UW student paper defends ‘Problem of Whiteness’ course
The University of Wisconsin, Madison’s student newspaper has endorsed the school’s controversial “Problem of Whiteness” course, calling it “valuable” and “necessary.”
The Daily Cardinal’s editorial board published a considerable defense of the course Monday, mocking lawmakers who oppose the class as hypocritical and calling their threats to withhold funding from the state’s flagship school an attack on academic freedom.
“A brutal irony exists among those who think this course should not be taught. On one hand, students are supposed to develop tough skin and not find difficult ideas offensive. On the other, this challenge and response to racism is suddenly considered offensive by the very people who could benefit greatly from the course,” the board writes, before questioning how anyone could possibly be against such a course offering.
“The course description states its goal of dismantling white supremacy,” the editorial notes. “Why would anyone be against that?”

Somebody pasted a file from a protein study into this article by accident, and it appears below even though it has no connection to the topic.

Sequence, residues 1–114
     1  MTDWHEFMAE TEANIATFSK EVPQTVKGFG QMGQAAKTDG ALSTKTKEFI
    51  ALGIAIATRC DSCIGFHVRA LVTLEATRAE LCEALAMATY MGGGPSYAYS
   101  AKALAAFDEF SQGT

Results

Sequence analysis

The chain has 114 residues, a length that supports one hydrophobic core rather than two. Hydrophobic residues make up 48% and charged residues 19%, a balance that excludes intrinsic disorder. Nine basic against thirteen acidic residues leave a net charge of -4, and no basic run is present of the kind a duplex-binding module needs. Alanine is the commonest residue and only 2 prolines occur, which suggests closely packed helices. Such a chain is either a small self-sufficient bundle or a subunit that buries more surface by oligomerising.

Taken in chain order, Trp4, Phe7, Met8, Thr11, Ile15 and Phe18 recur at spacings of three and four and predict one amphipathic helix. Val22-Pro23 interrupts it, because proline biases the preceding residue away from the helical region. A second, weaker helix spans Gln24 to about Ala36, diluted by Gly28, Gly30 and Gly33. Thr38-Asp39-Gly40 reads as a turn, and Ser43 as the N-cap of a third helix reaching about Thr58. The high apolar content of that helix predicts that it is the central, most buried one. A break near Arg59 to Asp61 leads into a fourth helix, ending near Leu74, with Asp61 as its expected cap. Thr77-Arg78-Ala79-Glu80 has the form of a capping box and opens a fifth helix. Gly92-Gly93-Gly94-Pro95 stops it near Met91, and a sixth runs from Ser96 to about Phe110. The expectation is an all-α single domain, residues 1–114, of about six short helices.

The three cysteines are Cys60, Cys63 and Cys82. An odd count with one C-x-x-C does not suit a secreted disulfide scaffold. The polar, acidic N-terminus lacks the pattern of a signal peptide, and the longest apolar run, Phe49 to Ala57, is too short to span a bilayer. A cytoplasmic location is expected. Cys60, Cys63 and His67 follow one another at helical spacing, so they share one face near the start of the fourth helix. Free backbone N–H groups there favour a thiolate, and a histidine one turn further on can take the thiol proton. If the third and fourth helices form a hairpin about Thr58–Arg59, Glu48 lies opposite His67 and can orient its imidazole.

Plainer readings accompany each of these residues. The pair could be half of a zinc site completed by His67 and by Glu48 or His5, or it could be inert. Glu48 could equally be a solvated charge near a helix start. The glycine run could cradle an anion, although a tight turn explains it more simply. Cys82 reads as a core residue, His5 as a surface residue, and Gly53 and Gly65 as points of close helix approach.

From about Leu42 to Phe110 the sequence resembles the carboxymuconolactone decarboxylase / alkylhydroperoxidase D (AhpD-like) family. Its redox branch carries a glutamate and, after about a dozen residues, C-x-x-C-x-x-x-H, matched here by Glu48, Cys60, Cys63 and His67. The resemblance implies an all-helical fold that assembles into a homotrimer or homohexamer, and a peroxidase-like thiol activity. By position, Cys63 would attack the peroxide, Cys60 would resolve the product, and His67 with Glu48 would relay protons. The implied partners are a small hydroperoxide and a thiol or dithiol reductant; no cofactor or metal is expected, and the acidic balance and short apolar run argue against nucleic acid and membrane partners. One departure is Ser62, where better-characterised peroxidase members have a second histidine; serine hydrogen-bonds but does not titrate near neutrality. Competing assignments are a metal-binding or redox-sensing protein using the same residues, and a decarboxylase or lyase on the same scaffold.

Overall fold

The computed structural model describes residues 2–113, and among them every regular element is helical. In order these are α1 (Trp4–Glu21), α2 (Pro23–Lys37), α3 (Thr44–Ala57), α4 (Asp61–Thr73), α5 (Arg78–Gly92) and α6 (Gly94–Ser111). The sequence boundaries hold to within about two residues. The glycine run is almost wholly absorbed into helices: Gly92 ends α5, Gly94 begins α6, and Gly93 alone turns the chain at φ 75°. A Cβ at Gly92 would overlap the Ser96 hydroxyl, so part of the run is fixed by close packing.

The editors then go on to defend the course as “legitimate” academic inquiry and “necessary” for “confronting racism” in a predominantly white state.
“Legislators often defend attacks on universities as simply making sure the education being given is legitimate. Well, the study of whiteness is not only legitimate, but necessary to confronting racism in our majority-white state and campus,” they write, later offering the personal testimony of a student who plans to take the course.
“The idea that this [class] could determine the funding the school gets and whether or not a professor gets to keep their job is ridiculous,” said student Lauryn Siebold who, notably, is a social welfare major. “The government is trying really hard to control your life.”
The op-ed then notes that lawmakers’ attempts to strip funds from the school over the questionable course distract from many of the real issues UW, Madison is facing, such as “falling research rankings,” without ever mentioning the possible correlation between the two.
Finally, the board concludes by arguing that the course, called “The Problem of Whiteness,” which explicitly claims to explore “how they (white people} consciously and unconsciously perpetuate institutional racism,” has nothing to do with “the problem with white people.”
“The title ‘The Problem of Whiteness’ is not equivalent to ‘the problem with white people,’” it concludes. “Rather, it reflects the notion that achieving racial equity and equality necessitates an understanding of whiteness, and the privileges that come with it.”
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